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NC to Rescind Transgenders-in-Restrooms Law Wednesday
Operators to be Freed to Make Reasonable - or No - Accommodations
This comes after the Charlotte City Council rescinded a local anti-discrimination ordinance that had prompted passage of the HB2, and mandated that anatomical males must be given unfettered access to restrooms used for girls and women based solely on their unsubstantiated claim to feel like a female.
This would appear to return decisions as to restroom use by transgender people to individual operators, where they were generally decided until the recent governmental interventions, says public interest law professor John Banzhaf, noting that both pieces of legislation sought to impose an extreme one-side-fits-
But Banzhaf suggests that what accommodation is most appropriate in a school might depend, for example, on the ages of the children. Thus an arrangement for a first grade class may be very different from what works best at a high school with much old students undergoing puberty.
It might also depend on the size of the school, how much discipline is generally maintained, etc.
Moreover, without laws mandating one extreme accommodation or the other extreme, operators may determine that transgender students are entitled to some accommodation, but that it need only be a "reasonable accommodation"
For example, if a school had a sufficient number of all-gender restrooms, it might not have to permit students with a penis to use female restrooms, since the all-gender restrooms would be a reasonable accommodation for the small percentage of students who are transgender.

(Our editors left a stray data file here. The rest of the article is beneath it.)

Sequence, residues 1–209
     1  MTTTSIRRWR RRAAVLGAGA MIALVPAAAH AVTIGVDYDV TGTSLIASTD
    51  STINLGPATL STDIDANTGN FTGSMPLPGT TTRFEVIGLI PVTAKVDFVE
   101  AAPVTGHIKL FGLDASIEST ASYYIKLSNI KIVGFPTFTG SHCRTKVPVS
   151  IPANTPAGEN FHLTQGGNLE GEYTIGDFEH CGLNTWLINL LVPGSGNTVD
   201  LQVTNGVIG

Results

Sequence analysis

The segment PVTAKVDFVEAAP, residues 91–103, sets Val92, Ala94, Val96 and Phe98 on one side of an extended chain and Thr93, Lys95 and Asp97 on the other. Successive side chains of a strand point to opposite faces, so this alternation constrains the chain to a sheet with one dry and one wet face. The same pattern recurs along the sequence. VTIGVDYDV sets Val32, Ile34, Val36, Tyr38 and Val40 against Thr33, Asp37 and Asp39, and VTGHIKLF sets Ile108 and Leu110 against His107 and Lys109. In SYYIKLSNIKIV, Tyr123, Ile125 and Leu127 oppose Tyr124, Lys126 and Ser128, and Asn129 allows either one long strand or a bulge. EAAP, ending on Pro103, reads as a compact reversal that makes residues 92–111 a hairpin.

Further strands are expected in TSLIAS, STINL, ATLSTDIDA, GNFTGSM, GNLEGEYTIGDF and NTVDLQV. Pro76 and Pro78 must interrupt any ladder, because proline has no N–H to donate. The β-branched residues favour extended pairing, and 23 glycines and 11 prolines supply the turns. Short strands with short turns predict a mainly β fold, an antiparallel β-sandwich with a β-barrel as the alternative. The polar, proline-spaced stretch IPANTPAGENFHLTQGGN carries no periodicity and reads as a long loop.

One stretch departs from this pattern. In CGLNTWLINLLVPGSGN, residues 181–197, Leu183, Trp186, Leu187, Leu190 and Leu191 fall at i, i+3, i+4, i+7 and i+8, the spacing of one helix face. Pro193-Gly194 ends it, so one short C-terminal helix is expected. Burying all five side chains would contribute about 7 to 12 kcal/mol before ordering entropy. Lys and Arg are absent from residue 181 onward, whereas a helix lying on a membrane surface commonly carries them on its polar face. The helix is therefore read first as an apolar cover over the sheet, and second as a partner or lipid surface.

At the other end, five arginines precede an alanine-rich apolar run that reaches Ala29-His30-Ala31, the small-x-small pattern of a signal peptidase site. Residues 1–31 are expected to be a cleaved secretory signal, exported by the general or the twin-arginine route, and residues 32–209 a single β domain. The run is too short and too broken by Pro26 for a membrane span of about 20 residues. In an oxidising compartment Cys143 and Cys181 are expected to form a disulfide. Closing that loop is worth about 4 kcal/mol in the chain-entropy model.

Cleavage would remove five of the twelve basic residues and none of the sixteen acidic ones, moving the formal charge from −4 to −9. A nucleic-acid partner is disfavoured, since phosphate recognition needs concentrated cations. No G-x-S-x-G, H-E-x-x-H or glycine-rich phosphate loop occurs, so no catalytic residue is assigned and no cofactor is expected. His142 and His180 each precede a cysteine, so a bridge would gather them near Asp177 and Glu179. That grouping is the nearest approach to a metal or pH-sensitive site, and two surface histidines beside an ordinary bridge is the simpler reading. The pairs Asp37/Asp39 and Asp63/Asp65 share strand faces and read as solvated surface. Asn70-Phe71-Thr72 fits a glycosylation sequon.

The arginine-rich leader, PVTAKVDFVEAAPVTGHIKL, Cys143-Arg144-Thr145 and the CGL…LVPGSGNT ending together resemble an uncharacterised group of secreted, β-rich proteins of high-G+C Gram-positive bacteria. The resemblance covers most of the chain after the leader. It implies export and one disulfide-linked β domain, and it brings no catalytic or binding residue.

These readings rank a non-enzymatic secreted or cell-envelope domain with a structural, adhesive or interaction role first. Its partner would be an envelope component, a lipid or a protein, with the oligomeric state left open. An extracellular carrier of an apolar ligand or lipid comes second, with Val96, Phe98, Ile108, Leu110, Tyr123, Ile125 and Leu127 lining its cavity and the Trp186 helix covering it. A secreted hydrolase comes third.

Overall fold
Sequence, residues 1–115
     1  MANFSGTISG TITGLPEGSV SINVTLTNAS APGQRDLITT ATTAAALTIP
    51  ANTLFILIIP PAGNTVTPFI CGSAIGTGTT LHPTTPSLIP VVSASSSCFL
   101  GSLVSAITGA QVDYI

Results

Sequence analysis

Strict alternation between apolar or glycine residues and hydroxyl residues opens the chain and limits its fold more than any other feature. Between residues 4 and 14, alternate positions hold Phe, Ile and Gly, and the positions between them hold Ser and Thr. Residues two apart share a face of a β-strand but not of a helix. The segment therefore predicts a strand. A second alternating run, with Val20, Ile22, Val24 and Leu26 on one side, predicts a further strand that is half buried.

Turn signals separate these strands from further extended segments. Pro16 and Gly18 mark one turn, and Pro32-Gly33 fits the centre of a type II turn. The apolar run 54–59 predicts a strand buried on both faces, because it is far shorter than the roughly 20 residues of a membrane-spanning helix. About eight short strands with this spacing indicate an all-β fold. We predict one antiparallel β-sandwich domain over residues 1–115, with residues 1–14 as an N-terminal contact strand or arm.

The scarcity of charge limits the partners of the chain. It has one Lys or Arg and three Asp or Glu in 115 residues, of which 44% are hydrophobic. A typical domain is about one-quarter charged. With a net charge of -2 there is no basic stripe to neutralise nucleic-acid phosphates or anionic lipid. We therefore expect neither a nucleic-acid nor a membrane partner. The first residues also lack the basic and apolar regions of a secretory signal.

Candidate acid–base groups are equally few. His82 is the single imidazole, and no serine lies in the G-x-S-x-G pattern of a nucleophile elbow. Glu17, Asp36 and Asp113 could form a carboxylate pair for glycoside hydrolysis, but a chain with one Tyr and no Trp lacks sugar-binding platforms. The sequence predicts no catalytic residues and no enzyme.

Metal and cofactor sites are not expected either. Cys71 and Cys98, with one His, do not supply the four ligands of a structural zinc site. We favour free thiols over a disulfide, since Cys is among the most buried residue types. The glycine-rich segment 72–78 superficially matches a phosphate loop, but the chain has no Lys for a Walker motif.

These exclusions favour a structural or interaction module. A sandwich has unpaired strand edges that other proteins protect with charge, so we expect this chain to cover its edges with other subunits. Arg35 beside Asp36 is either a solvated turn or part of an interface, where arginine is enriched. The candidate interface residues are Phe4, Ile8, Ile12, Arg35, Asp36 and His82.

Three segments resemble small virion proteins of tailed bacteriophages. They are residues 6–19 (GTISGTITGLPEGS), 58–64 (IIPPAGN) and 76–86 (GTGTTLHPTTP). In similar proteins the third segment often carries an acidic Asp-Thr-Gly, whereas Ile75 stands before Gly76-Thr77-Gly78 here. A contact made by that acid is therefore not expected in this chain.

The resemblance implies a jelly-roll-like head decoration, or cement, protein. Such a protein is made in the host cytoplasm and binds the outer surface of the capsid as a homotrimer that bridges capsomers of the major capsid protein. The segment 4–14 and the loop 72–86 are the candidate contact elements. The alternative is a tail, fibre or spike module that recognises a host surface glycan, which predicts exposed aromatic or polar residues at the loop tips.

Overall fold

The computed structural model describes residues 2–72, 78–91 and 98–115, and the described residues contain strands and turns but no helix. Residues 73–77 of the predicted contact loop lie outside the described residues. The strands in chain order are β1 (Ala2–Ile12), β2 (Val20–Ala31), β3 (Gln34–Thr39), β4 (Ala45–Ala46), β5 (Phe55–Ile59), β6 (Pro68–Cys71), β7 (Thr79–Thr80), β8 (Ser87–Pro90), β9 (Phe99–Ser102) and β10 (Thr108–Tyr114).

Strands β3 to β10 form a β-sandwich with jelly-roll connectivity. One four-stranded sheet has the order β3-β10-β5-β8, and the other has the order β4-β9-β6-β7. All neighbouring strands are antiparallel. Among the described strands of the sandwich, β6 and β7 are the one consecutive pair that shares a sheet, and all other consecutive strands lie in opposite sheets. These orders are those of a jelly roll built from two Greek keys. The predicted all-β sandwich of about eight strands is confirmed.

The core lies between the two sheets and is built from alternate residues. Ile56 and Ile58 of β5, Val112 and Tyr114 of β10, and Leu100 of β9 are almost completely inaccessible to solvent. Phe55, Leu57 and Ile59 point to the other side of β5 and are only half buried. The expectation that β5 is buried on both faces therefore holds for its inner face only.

Banzhaf notes, for example, that a school does not have to provide wheelchair access to all classrooms to adequately protect the rights of students in wheelchairs if there are a sufficient number of wheelchair-accessible classrooms to accommodate the small percentage of students who need them.
Similarly, he argues, providing enough all-gender restrooms to satisfy the requirements of transgender students might adequately protect their rights without opening up female restrooms to traditional male students who claim to feel female only in order to obtain access for sexual purposes.
Although virtually every all-gender restroom is of the single-user type like those used on airplanes, Banzhaf's George Washington University is now testing a new concept of changing what used to be men's rooms into all-gender restrooms which can be used by several students at one time.
The outside doors are also lockable from the inside if privacy beyond that provided by the existing lockable toilet stall door is deemed necessary.
If in this way at least half of all restrooms are opened to transgender students, it should more than satisfy their needs - and therefore provide a reasonable accommodation - without also permitting them to enter restrooms reserved for females as Charlotte had provided, or forcing transgender students to use restrooms which they believe are not appropriate for their sexual identity as under HB2, argues Banzhaf.
JOHN F. BANZHAF III, B.S.E.E., J.D., Sc.D.
Professor of Public Interest Law
George Washington University Law School,
FAMRI Dr. William Cahan Distinguished Professor,
Fellow, World Technology Network,
Founder, Action on Smoking and Health (ASH)
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